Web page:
Friday, September 15, 2017

Trying to Listen Louder

A man realized he needed to purchase a hearing aid, but he felt unwilling to spend much money. “How much do they run?” he asked the clerk.

“That depends,” said the salesman. “They run from $3.00 to $3,000.”

“Let’s see the $3.00 model,” he said.

The clerk put the device around the man’s neck. “You just stick this button in your ear and run this little string down to your pocket,” he instructed.

“How does it work?” the customer asked. “For $3.00 – it doesn’t work,” the salesman replied. “But when people see it on you, they’ll TALK LOUDER.”

Maybe that’s the one to buy. Another man, talking to his neighbor, said, “I just bought a new hearing aid. It cost me eight hundred dollars, but it's state of the art. It's perfect.”

“Really!” his neighbor exclaimed. “What kind is it?”

“Twelve thirty.”

As you know, most communication problems are not due to people with hearing problems. It’s that we more often have listening problems. Psychologist Carl Rogers said, “A person’s real need, a most terrible need, is for someone to listen…not as a ‘patient’ but as a human soul.” To listen well is to respond to a great human yearning. Maybe that’s one of the reasons folks will pay hundreds of dollars an hour for no other reason than to have someone listen to them. When someone truly listens it is rare and beautiful.

One small child put it like this: “I’ll try to listen louder.” What might happen if you “listened louder” today?


-Steve Goodier (Life Support System)

Wednesday, August 30, 2017

The Power of One

One SONG can spark a moment
One FLOWER can wake the dream
One TREE can start a forest
One BIRD can herald spring
One SMILE begins a friendship
One HANDCLASP lifts a soul
One STAR can guide a ship at sea
One WORD can frame the goal
One VOTE can change a nation
One SUNBEAM lights a room
One CANDLE wipes out darkness
One LAUGH will conquer gloom
One STEP must start each journey
One WORD must start a prayer
One HOPE will raise our spirits
One TOUCH can show you care
One VOICE can speak with wisdom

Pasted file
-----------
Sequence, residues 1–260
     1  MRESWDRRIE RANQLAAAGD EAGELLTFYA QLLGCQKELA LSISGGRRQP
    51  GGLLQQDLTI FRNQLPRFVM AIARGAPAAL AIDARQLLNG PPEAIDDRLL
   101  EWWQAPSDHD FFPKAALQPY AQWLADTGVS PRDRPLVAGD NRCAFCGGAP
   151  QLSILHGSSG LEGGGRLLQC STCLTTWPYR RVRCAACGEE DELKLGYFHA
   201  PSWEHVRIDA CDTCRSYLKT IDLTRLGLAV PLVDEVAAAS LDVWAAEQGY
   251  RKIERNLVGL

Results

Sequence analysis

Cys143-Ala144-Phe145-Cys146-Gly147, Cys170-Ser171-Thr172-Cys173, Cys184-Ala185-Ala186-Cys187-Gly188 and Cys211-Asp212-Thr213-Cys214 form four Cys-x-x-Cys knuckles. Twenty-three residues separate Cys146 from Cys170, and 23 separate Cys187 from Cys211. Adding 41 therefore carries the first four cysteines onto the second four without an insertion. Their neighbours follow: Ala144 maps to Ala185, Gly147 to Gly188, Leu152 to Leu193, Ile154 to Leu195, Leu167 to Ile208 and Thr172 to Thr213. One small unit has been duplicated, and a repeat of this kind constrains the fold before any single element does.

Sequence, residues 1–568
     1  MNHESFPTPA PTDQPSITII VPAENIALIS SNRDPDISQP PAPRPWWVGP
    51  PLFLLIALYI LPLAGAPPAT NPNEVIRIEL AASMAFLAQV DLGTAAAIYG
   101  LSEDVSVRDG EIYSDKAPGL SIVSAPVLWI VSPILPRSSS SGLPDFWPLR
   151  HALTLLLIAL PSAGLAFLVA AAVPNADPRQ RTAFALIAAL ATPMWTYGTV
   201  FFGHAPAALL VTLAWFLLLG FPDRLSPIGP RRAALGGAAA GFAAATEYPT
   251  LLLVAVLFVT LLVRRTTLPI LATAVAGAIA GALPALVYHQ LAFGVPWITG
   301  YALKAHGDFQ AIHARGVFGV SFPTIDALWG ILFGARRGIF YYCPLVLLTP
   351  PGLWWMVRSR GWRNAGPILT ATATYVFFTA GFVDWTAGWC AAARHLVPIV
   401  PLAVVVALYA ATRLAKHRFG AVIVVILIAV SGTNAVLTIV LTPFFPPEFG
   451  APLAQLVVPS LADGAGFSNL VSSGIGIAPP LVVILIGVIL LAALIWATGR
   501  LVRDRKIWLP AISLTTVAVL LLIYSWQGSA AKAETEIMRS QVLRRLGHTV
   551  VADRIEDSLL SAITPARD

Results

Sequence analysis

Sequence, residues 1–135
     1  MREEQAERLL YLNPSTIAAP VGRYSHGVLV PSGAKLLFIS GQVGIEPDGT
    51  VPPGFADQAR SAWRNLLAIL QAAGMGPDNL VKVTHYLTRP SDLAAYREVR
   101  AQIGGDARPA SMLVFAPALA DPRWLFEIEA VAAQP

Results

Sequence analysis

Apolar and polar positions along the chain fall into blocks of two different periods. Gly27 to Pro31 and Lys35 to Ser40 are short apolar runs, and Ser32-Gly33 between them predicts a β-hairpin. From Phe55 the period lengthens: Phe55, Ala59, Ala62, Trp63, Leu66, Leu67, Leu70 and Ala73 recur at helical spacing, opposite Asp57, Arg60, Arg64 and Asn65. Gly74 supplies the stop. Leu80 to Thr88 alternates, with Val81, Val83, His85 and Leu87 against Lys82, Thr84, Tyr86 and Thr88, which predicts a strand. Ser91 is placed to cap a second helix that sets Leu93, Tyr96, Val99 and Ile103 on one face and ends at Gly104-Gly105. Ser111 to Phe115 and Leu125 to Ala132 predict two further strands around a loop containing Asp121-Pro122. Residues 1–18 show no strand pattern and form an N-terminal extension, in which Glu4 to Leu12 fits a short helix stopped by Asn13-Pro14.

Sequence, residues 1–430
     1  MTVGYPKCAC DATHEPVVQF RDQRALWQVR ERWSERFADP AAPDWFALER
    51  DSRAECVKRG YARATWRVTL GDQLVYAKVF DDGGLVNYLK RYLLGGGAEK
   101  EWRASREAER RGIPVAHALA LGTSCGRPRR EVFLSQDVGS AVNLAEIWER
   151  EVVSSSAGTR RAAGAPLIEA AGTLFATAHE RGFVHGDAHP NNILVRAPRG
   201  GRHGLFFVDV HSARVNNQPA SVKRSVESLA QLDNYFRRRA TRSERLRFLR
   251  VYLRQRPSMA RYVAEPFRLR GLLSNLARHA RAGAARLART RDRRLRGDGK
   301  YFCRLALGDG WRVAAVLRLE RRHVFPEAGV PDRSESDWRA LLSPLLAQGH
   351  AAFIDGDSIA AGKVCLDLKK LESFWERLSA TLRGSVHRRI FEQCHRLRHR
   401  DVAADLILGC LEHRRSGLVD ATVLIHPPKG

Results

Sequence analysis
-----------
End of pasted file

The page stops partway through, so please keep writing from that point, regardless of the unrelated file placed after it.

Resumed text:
One HEART can know what is true

AND

One LIFE can make a difference.



-- Author Unknown

Friday, August 25, 2017

Who packed your parachute!

Charles Plumb was a US Navy jet pilot in Vietnam. After 75 combat missions, his plane was destroyed by a surface-to-air missile.  Plumb ejected and parachuted into enemy hands.  He was captured and spent 6 years in a communist Vietnamese prison.  He survived the ordeal and now lectures on lessons learned from that experience! 

One day, when Plumb and his wife were sitting in a restaurant, a man at another table came up and said, ' You're Plumb! You flew jet fighters in Vietnam from the aircraft carrier Kitty Hawk. You were shot down! 'How in the world did you know that?' asked Plumb. 'I packed your parachute,' the man replied.  Plumb gasped in surprise and gratitude.  The man pumped his hand and said, 'I guess it worked!'  Plumb assured him, 'It sure did. If your chute hadn't worked, I wouldn't be here today.'

Plumb couldn't sleep that night, thinking about that man.  Plumb says, 'I kept wondering what he had looked like in a Navy uniform: a white hat; a bib in the back; and bell-bottom trousers.  I wonder how many times I might have seen him and not even said 'Good morning, how are you?' or anything because, you see, I was a fighter pilot and he was just a sailor.'

Plumb thought of the many hours the sailor had spent at a long wooden table in the bowels of the ship, carefully weaving the shrouds and folding the silks of each chute, holding in his hands each time the fate of someone he didn't know.